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  1. Banned
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    #1

    Follow

    A question about some phrase:

    "The warranty follows the product, not the owner"

    I kind of get, based on the usage of "follow", that the warranty is an integral party of the product, not of the owner. So if it is sold to another owner, the old owner can no longer benefit from the warranty.
    But I could not find a dictionary definition for "follow" that would fit this usage. Could it be that such meaning is a technical jargon used exclusively in field of business administration?

  2. MikeNewYork's Avatar
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    #2

    Re: Follow

    As the product moves, the warranty follows. That fits definition #3 here: http://www.thefreedictionary.com/follow

    Incidentally, while it is generally true that the original owner cannot benefit from a warranty on a product that was sold, it is not assured that the second buyer will covered by the warranty either.

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    #3

    Re: Follow

    Quote Originally Posted by MikeNewYork View Post
    As the product moves, the warranty follows. That fits definition #3 here: http://www.thefreedictionary.com/follow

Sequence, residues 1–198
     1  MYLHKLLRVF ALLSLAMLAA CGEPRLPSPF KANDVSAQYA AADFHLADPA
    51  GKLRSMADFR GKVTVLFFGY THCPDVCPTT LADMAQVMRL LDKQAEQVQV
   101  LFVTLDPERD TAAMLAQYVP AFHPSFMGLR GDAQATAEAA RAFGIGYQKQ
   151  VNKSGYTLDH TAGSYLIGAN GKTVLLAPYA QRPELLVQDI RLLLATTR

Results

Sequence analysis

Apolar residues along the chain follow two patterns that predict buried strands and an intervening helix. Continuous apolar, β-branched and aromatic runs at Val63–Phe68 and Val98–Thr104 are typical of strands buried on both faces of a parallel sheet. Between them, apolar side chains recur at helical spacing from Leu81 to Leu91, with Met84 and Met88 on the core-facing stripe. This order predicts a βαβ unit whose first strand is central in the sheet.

Then could I write something like: "Bad luck follows him everywhere"?

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    #4

    Re: Follow

    Quote Originally Posted by schoolo View Post
    Then could I write something like: "Bad luck follows him everywhere"?
    You could, but not by analogy with, or justification by, the above.

  5. MikeNewYork's Avatar
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    #5

    Re: Follow

    Yes, but I agree with Raymott.

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    #6

    Re: Follow

    But according to MikeNewYork, "follow" = "go in the direction of". So if a warranty could figuratively "go in the direction" of the product, then bad luck could certainly "go in the direction of " a person.

  7. MikeNewYork's Avatar
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    #7

    Re: Follow

    I would say the "follow" that refers to "bad luck" would fit the definition 2B in my link better. English has many definitions for many words. "Context" is very important.

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    #8

    Re: Follow

    Definition 2b reads "to keep under surveillance". So , bad luck would "keep him under surveillance", but a warranty would "go in the direction of" the product?

  9. MikeNewYork's Avatar
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    #9

    Re: Follow

    Sorry, I meant 2A. In your sentence, "Bad Luck" is personified, like a stalker.

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